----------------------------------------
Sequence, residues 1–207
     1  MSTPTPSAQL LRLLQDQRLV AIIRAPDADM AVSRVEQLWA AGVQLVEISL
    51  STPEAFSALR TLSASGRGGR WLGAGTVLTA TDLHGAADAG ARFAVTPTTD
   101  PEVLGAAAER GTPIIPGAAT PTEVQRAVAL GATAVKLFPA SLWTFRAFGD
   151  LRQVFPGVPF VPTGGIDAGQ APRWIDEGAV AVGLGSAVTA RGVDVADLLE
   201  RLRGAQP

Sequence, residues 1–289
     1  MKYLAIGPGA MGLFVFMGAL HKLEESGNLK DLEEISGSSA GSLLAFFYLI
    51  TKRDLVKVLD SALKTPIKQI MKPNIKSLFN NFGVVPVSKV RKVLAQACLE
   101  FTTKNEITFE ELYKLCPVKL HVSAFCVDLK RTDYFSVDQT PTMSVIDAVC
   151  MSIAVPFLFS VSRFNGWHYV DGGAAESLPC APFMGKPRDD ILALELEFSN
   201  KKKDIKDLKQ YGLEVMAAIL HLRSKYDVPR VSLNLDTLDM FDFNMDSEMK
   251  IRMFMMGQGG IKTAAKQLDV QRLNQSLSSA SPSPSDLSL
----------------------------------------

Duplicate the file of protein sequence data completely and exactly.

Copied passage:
Sequence, residues 1–207
     1  MSTPTPSAQL LRLLQDQRLV AIIRAPDADM AVSRVEQLWA AGVQLVEISL
    51  STPEAFSALR TLSASGRGGR WLGAGTVLTA TDLHGAADAG ARFAVTPTTD
   101  PEVLGAAAER GTPIIPGAAT PTEVQRAVAL GATAVKLFPA SLWTFRAFGD
   151  LRQVFPGVPF VPTGGIDAGQ APRWIDEGAV AVGLGSAVTA RGVDVADLLE
   201  RLRGAQP

Sequence, residues 1–289
     1  MKYLAIGPGA MGLFVFMGAL HKLEESGNLK DLEEISGSSA GSLLAFFYLI
    51  TKRDLVKVLD SALKTPIKQI MKPNIKSLFN NFGVVPVSKV RKVLAQACLE
   101  FTTKNEITFE ELYKLCPVKL HVSAFCVDLK RTDYFSVDQT PTMSVIDAVC
   151  MSIAVPFLFS VSRFNGWHYV DGGAAESLPC APFMGKPRDD ILALELEFSN
   201  KKKDIKDLKQ YGLEVMAAIL HLRSKYDVPR VSLNLDTLDM FDFNMDSEMK
   251  IRMFMMGQGG IKTAAKQLDV QRLNQSLSSA SPSPSDLSL